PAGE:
Issue Number 1, 15 October 1999
Editors: Eric Lindsay and Jean Weber
In this issue...
Who are we?
Places: Airlie Beach and North Queensland
Review: Dive trip on Pacific Star, Airlie Beach, Queensland
How to: Want to hire a campervan or motor home?
Tip: Australian telephone numbers
Tip: Daylight saving time in Australia
Events: World solar challenges
Events: Referendum on a republic
Eric Lindsay and Jean Weber are well travelled, over 50, and recently escaped from Sydney to the seaside resort town of Airlie Beach, Queensland. We are planning a "grand tour" of Australia in a motor home, starting in 2000, and will be reporting in this newsletter and on our website about what we see and do.
For more about us, click here:
Our mission with this newsletter and website is to provide timely hints and tips on travel to and in Australia, mainly away from the capital cities.
We're avoiding the capital cities because they are well covered by other newsletters and websites. Instead of duplicating other efforts, we'll point you to some of the many sites that do have this information.
We're mostly interested in the lesser-known places, including those that don't make themselves known to most travel agents.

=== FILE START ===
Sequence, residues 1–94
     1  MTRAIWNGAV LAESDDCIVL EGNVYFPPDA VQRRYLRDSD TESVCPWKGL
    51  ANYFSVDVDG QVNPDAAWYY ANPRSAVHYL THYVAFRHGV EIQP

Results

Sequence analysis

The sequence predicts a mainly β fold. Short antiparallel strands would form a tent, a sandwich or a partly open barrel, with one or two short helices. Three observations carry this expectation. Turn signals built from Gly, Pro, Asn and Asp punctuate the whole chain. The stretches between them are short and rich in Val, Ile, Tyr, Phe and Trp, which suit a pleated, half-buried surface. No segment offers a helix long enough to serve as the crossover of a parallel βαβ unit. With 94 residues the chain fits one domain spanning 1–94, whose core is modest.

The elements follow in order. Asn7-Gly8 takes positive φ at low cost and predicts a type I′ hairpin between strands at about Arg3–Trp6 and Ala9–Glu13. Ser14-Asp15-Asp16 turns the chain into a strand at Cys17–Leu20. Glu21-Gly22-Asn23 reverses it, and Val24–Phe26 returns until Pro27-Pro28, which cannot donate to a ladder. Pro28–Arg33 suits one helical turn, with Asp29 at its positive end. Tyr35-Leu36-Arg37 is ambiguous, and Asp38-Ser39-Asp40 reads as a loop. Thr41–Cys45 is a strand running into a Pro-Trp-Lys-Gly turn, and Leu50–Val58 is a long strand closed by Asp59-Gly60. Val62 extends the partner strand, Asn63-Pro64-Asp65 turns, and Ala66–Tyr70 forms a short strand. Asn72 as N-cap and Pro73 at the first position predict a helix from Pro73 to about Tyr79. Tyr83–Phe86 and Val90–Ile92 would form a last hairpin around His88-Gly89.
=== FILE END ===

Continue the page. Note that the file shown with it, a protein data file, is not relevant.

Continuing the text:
Please contact us if you have questions (we'll try our best to answer them in this newsletter), stories of your own experiences that you'd like to share, favourite websites, or any suggestions at all about this newsletter and our Web site. We can't promise to acknowledge or answer everybody.
We live in Airlie Beach, a resort town in tropical Queensland, the gateway to the beautiful Whitsunday Islands. For more than you probably ever wanted to know about our town, and a bit about other travels we've done in North Queensland, check out the links from this page:
In September we took a 3-day trip on the catamaran Pacific Star, operated by Kelly Dive of Airlie Beach. Although most of the passengers were young scuba divers (many of them practising for certification), the cruise provided much of interest for those of us who merely wanted to snorkel or just laze around in the sun. The weather was perfect, the boat was comfortable, the food was good, the coral viewing was wonderful, and the crew and other passengers were pleasant companions. All in all, a good trip and, we think, good value for our money.
For a complete report, click here:
This article is now part of this page:
The international country code for Australia is 61. All area codes now have 2 digits. When calling from overseas, you drop the zero at the beginning of the area code. Thus a number like 02-9876-5432, when called from overseas, becomes 61-2-9876-5432.
In 1994, telephone and facsimile numbers in Australia began to be changed from 6 or 7 digits into 8 digits. This process was complete in 1997, and now the old numbers no longer work. Therefore many phone numbers you'll see in older publications (both print and online) are out of date.
You can check telephone numbers at this Telstra site: http://www.whitepages.com.au/wp/